The fairytale of marriage. We grow up either seeing movies, TV, or our parents’ presence play out this institution with expressions devoid of love serve as a role model for what that could mean in our lives. Think Like A Man or Tyler Perry’s Why Did I Get Married Too? are examples to name a few. Our world plays on the tropes found in popular culture that I believe sometimes gets it wrong. Or maybe just isn’t telling the whole story. While art can be a reflection or commentary on the parts of living some of us might be too afraid or scared to name, this chapter called marriage and the act of it, I take seriously. A priest said something that I thought was interesting during a wedding homily he gave in 2016: “Marriage is not a vocation for wimps.” To me, it’s not a business transaction, not something to be touted as a title. It’s when we signal that dating is over. That phase of a relationship has ended, and together, a couple enters their new chapter and union—as something new.

Disclaimer: I’m not married yet. But I hope to be one day. In advance of that time, I make deposits of time in good company around engaged and married couples. Consider it a marriage experience by osmosis. Nuggets of wisdom I’ll be waiting to apply to my own union in these upcoming years. The kind that helps me be a better man, future father, and future husband.

Lauren, it would be awesome to hear your perspective. How has your relationship grown and what has the journey been like so far? When you look back, what are the elements that make a good marriage work to you?

“We would be together
and have our books
and at night
be warm in bed together
with the windows open
and the stars bright.”
– Ernest Hemingway, A Moveable Feast

There are a lot of things that take precision in life.

Baking, for one, involves careful, readable measurements. A career as a surgeon or pilot involves learned specificities that could create a life-saving or life-threatening outcome. Profit, I wish I could name every stipulation that equates to a perfect marriage. But there isn’t really a precise formula that will result in a life that feels like a romantic tryst every day of the week.

There are, however, some things to consider if one wishes to truly benefit a marriage. Two people coming together as one is a concept that, while both excessively normalized and magnified in our culture, is actually brilliant and utterly holy. There are elements to marriage that remain a mystery, even to those who are already married. It’s an adventure that changes at every turn of season. Isn’t that why we pick one another? We want to live through those bright and starry nights, those tumultuous waves, those days of agony right alongside those gentle, warm mornings—together.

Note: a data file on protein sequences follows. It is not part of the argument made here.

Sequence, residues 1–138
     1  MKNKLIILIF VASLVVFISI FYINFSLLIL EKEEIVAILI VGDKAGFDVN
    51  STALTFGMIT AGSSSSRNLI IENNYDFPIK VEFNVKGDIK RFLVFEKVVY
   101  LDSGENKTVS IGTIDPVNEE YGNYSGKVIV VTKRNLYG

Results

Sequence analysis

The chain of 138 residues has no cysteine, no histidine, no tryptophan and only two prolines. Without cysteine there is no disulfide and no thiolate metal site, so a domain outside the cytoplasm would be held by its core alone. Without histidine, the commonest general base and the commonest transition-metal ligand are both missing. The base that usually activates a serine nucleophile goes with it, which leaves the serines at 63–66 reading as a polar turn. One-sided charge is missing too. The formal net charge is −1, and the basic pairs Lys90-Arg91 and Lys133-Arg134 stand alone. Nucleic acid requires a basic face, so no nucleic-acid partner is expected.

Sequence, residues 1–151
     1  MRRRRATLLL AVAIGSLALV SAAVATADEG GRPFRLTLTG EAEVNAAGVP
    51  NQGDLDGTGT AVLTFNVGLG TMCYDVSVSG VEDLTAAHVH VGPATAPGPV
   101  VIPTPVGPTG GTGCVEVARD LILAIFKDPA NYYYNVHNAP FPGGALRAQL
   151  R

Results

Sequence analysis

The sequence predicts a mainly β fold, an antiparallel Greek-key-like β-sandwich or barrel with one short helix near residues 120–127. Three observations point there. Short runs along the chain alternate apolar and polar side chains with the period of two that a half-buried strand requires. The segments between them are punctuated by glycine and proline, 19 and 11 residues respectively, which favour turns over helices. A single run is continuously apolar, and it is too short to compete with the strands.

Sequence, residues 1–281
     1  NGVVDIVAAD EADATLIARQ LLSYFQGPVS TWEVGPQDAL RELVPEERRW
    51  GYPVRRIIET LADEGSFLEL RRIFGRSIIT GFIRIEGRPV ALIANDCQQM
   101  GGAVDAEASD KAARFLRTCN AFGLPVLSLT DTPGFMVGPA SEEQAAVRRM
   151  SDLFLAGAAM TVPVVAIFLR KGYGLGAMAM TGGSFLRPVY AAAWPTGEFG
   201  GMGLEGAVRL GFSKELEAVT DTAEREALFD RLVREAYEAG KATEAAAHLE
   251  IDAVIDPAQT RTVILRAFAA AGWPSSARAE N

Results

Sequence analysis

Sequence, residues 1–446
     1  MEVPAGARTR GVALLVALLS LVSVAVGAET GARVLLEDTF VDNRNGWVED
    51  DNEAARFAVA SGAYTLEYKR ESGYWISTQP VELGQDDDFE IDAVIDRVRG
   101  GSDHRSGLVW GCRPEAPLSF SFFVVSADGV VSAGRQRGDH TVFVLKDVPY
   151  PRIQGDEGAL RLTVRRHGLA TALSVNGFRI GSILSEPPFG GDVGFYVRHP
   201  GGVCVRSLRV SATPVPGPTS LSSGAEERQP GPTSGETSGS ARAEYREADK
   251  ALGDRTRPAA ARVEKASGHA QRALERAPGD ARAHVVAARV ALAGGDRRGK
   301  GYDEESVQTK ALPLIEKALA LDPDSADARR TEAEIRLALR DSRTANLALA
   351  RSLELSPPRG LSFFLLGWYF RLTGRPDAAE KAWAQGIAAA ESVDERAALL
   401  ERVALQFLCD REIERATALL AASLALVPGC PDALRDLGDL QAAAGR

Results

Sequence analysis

Here are a few jewels of wisdom my husband and I have picked up over time, both as we educated ourselves about marriage and as we’ve lived it out in real-time. We’ve had to grow and journey together throughout the years, and the voyage only keeps ongoing.

Trends versus commitment.
A lot of people want to get married because everyone else is doing it. It’s trendy. They want that shiny rock on their finger—they want the status, the title, the social media extravaganza. It can be easy to assume that marriage is the next step simply because everyone else in your life might be heading down that road too. However, it’s really important you don’t get married just to get married.

One of the really beautiful things about marriage is that it’s a commitment to one another. Truly committing to be there for one another, to walk through the storms together despite the circumstances, to serve each other even when it’s uncomfortable or hard—releases you to step into a certain realm of safety. It creates a sheltered space where both individuals are free to love purely, to be themselves fully without fear of abandonment, and to flourish because both parties know that no one is just going to up and leave. An all-encompassing covenant makes space for each person to become the other’s standard of beauty, for each person to devote time and space to help the other become who he or she was created to be.